Cottage Charm: This 2,000-Square-Foot Virginia Home is Filled with Vintage Style

Architect Madison Spencer adds some giddyap to a horse country house.

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Madison Spencer Virginia Cottage with Fall Leaves
Working on a sprawling 18th-century horse farm, Spencer drew inspiration from the picturesque setting, adding the illusion of age to an otherwise modern home. Dane Tashima; Styling: Elly Poston Cooper

There's something magical about beautiful light," says architect Madison Spencer, who fell for the luminous lure of this Virginia foothills property. Call it a job hazard. A Charlottesville-based specialist in classical architecture, Spencer had been working on an assemblage of buildings on his client's 18th-century horse farm in Keswick, which included this nonhistorical, nondescript 1990s spec house. "It was a fun rescue, a wreck with zero character that we gutted and gave lots of personality," says Spencer, who collaborated with London-based designer Serena Williams-Ellis on the project, which was envisioned as a guesthouse for the larger farmhouse estate. But, he says, "I loved it so much that I moved in."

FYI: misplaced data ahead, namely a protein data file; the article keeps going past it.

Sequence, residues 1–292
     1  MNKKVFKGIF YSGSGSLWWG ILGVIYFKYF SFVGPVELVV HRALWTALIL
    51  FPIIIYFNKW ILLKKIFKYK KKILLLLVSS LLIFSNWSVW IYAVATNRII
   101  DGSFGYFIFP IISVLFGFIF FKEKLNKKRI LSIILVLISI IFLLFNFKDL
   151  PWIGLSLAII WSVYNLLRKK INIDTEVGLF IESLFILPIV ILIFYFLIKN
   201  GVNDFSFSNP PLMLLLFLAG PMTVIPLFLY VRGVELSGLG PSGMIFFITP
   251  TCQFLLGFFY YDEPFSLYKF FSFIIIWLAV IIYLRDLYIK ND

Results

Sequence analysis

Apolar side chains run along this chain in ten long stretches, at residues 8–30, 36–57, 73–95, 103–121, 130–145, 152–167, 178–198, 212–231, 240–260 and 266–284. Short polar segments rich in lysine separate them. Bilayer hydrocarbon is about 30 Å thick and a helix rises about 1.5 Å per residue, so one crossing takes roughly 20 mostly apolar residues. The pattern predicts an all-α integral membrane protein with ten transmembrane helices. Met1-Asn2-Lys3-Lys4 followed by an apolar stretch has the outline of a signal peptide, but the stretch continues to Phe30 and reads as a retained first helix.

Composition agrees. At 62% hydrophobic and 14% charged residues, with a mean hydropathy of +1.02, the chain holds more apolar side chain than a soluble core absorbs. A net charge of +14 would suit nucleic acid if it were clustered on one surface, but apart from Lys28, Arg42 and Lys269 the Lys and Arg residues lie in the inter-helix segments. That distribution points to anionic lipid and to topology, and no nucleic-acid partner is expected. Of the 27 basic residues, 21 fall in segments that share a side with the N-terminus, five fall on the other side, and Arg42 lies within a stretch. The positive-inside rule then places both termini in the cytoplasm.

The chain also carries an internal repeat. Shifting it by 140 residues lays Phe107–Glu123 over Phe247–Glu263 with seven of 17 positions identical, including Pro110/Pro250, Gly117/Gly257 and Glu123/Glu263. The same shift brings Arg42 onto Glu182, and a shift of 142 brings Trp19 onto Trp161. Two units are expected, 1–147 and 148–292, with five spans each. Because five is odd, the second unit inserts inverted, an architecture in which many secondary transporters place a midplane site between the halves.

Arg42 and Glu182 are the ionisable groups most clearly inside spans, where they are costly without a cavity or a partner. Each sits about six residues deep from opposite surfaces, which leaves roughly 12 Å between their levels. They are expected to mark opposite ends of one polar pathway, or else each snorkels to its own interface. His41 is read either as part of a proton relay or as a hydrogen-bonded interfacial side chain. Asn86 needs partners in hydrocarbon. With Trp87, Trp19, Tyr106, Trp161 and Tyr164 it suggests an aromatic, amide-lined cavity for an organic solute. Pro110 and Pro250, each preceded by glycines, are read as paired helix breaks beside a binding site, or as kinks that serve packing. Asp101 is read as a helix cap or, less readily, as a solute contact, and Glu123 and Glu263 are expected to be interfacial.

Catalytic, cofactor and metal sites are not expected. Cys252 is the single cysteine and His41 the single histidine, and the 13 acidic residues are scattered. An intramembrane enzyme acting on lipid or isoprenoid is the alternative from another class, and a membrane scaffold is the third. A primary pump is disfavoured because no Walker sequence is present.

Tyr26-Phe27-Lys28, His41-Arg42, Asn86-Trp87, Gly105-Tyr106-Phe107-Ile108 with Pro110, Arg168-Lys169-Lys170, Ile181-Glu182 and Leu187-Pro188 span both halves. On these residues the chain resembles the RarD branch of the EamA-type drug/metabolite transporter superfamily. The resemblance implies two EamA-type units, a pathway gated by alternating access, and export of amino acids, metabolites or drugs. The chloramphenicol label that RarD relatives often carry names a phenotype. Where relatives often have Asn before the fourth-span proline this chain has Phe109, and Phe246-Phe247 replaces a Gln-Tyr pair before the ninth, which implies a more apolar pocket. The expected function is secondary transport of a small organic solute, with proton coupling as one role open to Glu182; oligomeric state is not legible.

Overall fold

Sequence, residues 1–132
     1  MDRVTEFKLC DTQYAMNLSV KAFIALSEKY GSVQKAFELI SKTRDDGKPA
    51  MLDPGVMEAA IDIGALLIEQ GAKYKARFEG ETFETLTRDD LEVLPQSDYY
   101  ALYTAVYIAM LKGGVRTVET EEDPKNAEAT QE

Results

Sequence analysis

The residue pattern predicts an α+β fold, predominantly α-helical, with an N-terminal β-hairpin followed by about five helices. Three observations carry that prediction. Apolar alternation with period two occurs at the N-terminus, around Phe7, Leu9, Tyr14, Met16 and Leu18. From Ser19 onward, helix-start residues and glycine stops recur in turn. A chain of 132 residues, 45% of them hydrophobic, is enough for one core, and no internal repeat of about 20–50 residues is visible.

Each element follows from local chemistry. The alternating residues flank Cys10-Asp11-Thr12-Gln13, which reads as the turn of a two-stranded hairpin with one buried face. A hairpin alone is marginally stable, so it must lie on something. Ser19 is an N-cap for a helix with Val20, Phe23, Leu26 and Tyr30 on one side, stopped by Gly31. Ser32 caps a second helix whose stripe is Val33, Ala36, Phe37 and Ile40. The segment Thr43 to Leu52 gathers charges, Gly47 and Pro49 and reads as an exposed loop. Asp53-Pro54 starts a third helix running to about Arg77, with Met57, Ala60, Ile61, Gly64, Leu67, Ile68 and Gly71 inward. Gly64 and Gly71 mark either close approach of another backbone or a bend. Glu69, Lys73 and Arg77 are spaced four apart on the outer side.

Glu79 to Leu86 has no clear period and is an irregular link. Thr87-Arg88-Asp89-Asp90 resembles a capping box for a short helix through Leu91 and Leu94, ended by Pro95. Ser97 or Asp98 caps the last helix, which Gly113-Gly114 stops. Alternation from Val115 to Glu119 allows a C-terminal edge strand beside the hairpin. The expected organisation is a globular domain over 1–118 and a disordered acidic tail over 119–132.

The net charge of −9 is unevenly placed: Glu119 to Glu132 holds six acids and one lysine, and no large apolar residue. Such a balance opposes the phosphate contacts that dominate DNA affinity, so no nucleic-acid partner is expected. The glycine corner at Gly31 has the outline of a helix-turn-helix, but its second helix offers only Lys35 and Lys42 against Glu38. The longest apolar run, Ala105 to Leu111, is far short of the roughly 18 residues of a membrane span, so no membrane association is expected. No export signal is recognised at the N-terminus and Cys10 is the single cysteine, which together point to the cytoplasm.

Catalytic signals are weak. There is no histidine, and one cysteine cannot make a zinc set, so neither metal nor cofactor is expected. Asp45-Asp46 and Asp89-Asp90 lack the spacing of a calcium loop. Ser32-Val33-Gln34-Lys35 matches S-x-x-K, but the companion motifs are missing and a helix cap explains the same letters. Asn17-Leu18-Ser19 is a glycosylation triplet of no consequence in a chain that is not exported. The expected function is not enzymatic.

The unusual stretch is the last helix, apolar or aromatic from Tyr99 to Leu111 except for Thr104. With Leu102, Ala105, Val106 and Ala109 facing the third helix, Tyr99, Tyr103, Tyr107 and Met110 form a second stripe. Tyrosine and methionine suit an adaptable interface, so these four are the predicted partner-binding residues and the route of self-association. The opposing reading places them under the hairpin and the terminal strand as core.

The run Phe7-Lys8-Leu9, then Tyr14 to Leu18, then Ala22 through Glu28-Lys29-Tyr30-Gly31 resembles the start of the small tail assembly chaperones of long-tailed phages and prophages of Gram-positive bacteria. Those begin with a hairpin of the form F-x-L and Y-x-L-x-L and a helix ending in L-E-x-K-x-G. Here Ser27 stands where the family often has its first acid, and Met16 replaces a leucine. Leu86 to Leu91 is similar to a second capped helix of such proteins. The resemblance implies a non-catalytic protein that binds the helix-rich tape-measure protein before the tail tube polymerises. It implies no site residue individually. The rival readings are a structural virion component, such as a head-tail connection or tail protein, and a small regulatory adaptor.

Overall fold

In addition to the way the golden afternoon light douses the countryside, Spencer appreciates the simplicity of the barely 2,000-square-foot cottage, renovated on a budget. "People can tell when a home really exhibits a sense of personal character," says Spencer, who layers family memorabilia with consignment store and antique finds. "The goal was creating a place where foxhunt guests could shed their boots, throw Barbour jackets on a peg, light a fire, and fix a drink." To maximize natural light and views, they removed some interior walls and doors, pulled drywall off the ceiling to expose beams, and replaced deteriorated windows with two-over-two panes "more in keeping with an old farmhouse," he adds. Remilled oak boards from about 6 miles worth of paddock fencing got repurposed for the walls and kitchen cabinets. Salvaging this old wood demonstrates that "doing things less expensively doesn't necessarily mean doing them cheaply," Spencer says. "The trick is to deal with what you have, set a stage for yourself, and then get the party started."

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